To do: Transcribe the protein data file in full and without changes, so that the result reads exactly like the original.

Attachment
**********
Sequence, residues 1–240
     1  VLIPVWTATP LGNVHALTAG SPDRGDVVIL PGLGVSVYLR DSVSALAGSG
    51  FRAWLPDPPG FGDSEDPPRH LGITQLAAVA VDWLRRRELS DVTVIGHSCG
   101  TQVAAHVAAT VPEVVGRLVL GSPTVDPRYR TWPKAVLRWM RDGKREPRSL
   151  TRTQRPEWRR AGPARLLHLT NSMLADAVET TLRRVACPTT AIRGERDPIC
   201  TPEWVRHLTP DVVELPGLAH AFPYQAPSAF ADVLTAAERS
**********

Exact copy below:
Sequence, residues 1–240
     1  VLIPVWTATP LGNVHALTAG SPDRGDVVIL PGLGVSVYLR DSVSALAGSG
    51  FRAWLPDPPG FGDSEDPPRH LGITQLAAVA VDWLRRRELS DVTVIGHSCG
   101  TQVAAHVAAT VPEVVGRLVL GSPTVDPRYR TWPKAVLRWM RDGKREPRSL
   151  TRTQRPEWRR AGPARLLHLT NSMLADAVET TLRRVACPTT AIRGERDPIC
   201  TPEWVRHLTP DVVELPGLAH AFPYQAPSAF ADVLTAAERS